29 Apr How are scars formed?
Scars are formed when the protein in your skin, called collagen, is damaged. Collagen contains cells called fibroblasts that are responsible for rebuilding the skin once damage has occurred. They do this by repairing the damage with collagen as a quick fix to a wound or cut.
Collagen is tough and flexible like normal skin. However, it doesn’t have any sweat glands or hair follicles in it so it looks and feels different to the skin it’s replaced. Plus, skin naturally forms a weaved pattern whereas collagen knits together in a single direction adding to the reasons why it appears different to your old skin.
There’s a few different kinds of scars too. Which one you are left with depends on its appearance and how much collagen it contains. The most common are Hypertrophic and Atrophic. Let’s have a look at the characteristics of each one and how they’re formed:
- Hypertrophic: These are the most common type of scars and typically have a raised area around the scar. They often contain nerves and blood vessels and develop after traumatic injury. Hypertrophic scars often itch and irritate and can continue to grow or thicken for up to two years.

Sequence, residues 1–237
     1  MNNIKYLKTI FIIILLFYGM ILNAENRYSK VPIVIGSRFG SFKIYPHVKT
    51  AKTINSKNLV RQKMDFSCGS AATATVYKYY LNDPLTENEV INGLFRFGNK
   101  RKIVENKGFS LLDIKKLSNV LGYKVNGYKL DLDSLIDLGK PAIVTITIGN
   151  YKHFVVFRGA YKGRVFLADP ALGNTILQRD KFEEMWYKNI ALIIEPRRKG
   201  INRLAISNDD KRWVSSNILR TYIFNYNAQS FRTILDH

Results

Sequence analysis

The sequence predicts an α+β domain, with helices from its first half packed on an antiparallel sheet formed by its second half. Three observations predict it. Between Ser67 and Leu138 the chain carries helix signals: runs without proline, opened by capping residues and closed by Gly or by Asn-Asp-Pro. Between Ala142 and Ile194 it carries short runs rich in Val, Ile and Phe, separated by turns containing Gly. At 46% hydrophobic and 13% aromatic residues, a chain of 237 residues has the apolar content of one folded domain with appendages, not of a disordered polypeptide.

- Keloid: A subset of Hypertrophic scars, Keloids or Keloidal scars can grow over the boundaries of the original wound and can occur in clusters on the skin. One of the major characteristics of a Keloidal scar is their dark red colour which stands out in stark contrast to normal skin. Younger people and those with dark skin are more likely to develop this type of scar.
- Atrophic: Unlike Hypertrophic scars, Atrophic scars have a sunken appearance. They’re commonly associated with acne, chicken pocks or infection, and occur when muscle and fat below the scar is damaged.
Date of Preparation: July 2016